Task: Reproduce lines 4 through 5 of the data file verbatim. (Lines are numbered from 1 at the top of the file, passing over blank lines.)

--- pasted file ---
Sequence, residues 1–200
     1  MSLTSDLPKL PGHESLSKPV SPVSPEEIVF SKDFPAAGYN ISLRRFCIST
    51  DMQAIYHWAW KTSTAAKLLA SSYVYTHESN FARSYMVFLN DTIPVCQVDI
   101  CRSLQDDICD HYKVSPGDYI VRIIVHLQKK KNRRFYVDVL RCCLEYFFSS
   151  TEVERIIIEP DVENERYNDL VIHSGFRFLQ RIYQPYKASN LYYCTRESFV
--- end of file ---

   101  CRSLQDDICD HYKVSPGDYI VRIIVHLQKK KNRRFYVDVL RCCLEYFFSS
   151  TEVERIIIEP DVENERYNDL VIHSGFRFLQ RIYQPYKASN LYYCTRESFV